Ron Dennis Forced Out As Chairman And CEO Of McLaren

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Other shareholders of the McLaren Group will ask Ron Dennis to step down as chairman and CEO of McLaren today, reports the BBC. Dennis has been involved with the McLaren Formula One team since 1980, and in a central leadership role there since 1981, leading them to 10 drivers’ championships and seven constructors’ championships.

[Update: Dennis has since confirmed that he will be stepping down from these roles. See update below.]


Naturally, Dennis, who owns a 25 percent stake in the company, is against the move. Last week, Dennis failed to convince the High Court to block an effort to put him on “gardening leave,” per the BBC.

Now, shareholders will determine the nature of Dennis’ departure from the company. Dennis had a falling out with longtime business partner Mansour Ojjeh, who holds another 25 percent stake in the company and has been a shareholder in the team since 1984. The remaining 50 percent is owned by Bahraini investment fund Mumtalakat, who Ojjeh reportedly convinced to side with him on forcing Dennis to step aside.

We have reached out to McLaren for comment and will update this post if one is received.

Dennis’ heavy-handed leadership style has been cited as one reason for replacement, reports the BBC. The Formula One team has been floundering, in part due to McLaren pressuring Honda to enter as an engine manufacturer before they were ready. McLaren’s engine deal with Mercedes ended in 2014, and thus, they wanted Honda to be ready as soon as possible—and Honda clearly hasn’t been. 2015 was the team’s worst season.


Worse yet, Dennis failed to secure a new title sponsor for the team after Vodafone left in 2013, forcing the stakeholders to doubt his ability to lure sponsors to the team.

Dennis recently recruited Jost Capito from the über-successful Volkswagen Motorsport World Rally Championship team as the CEO of McLaren Racing, who just started in September. Capito’s future may be up in the air when Dennis steps down, as he was closely linked with Dennis.


Because of McLaren’s need for wheelin’ and dealin’, motorsports marketing figure Zak Brown has been named as one potential replacement, despite also being rumored as one of Bernie Ecclestone’s eventual replacements on the commercial side of F1. However, those close to Brown claim he’s more likely to accept the role at McLaren, per the BBC.

No reports mention Dennis giving up his 25 percent stake in the company, however, so while he won’t be in a leadership role, reports suggest that he isn’t completely leaving the company.


UPDATE: Ron Dennis confirmed to the BBC that he quit as chairman and CEO of the McLaren Technology Group after the other shareholders demanded it of him.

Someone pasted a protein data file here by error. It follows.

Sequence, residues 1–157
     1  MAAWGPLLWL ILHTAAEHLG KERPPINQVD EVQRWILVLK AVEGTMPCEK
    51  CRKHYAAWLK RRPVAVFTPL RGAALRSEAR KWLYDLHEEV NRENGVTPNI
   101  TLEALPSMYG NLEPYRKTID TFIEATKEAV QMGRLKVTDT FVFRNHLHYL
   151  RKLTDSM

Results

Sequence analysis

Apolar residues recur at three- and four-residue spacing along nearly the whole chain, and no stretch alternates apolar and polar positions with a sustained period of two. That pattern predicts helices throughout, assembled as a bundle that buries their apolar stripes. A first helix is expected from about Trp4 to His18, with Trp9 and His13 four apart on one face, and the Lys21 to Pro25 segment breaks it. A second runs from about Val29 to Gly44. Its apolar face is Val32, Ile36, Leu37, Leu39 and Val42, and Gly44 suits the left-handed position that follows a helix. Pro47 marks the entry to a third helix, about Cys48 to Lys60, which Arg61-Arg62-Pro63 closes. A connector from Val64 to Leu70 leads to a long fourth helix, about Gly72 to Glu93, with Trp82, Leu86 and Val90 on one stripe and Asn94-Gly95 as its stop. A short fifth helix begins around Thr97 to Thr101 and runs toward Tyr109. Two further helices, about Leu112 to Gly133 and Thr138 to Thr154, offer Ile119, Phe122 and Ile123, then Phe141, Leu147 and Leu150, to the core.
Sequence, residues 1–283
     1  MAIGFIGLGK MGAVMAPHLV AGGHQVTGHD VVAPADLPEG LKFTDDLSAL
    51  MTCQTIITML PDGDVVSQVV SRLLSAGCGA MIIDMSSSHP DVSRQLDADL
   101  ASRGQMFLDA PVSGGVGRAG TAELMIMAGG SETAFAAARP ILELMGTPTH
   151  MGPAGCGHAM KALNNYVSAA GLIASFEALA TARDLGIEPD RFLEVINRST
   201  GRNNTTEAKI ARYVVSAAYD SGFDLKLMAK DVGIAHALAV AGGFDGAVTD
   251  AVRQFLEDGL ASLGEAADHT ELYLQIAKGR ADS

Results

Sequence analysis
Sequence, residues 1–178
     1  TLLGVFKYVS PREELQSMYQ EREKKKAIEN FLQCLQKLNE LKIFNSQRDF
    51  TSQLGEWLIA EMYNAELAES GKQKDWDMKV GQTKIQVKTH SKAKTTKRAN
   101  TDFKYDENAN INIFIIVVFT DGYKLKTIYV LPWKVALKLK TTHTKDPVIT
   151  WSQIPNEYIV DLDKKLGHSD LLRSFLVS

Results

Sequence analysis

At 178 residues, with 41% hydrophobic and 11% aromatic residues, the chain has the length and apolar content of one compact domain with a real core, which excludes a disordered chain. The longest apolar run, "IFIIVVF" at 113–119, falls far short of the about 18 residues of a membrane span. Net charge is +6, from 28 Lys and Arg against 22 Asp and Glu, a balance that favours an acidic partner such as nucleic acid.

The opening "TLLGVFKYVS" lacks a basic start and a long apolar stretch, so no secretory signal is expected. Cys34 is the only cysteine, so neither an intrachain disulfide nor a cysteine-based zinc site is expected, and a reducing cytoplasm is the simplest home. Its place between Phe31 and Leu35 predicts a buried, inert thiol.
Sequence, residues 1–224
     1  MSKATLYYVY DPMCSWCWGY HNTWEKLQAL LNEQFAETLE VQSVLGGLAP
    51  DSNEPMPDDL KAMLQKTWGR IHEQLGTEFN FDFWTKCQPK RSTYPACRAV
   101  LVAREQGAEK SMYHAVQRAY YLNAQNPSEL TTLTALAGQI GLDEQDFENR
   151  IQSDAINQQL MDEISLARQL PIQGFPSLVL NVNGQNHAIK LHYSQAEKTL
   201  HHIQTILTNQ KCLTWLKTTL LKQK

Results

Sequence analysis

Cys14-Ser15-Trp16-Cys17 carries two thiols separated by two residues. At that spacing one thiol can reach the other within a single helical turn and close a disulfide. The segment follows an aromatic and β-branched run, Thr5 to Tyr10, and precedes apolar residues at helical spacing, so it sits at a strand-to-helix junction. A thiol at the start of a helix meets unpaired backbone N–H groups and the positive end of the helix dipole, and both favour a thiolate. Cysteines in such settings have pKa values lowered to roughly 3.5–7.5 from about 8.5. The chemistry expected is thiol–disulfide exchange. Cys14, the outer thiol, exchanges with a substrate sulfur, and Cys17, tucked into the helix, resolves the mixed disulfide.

Dennis was clearly unhappy with their decision in a statement made to the BBC, saying that the shareholders’ basis for his removal was “entirely spurious” and that his management style is the same it’s always been. The BBC writes:

Dennis said the other main shareholders “forced through” the decision “despite the strong warnings from the rest of the management team about the potential consequences of their actions on the business”.


Dennis will remain on the boards of the McLaren Technology Group and McLaren Automotive as he is invested in both, and he says he will continue to work for the growth of both. However, he also plans to launch a new technology investment fund once his contract with McLaren runs out.

UPDATE #2: McLaren released a statement here confirming that Dennis has left as CEO, while noting that he remains a shareholder as well as a director in the McLaren Technology Group. Much of it, however, reads as their newly posted opening for a Chief Executive Officer:

McLaren Technology Group is now in the process of seeking a new Chief Executive Officer. Until such an appointment has been made, the company will be run on an interim basis by an Executive Committee comprising the Group’s majority shareholders, in close collaboration with the Board of Directors and the senior management team, all of whom remain utterly committed to the company, its partners, its employees and its fans, and share a passionate determination to build on our many strengths towards future prosperity.


That’s some job ad. Are you the next McLaren CEO? Apply now!

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Stef Schrader

Contributor, Jalopnik. 1984 "Porschelump" 944 race car, 1971 Volkswagen 411 race car, 2010 Mitsubishi Lancer GTS.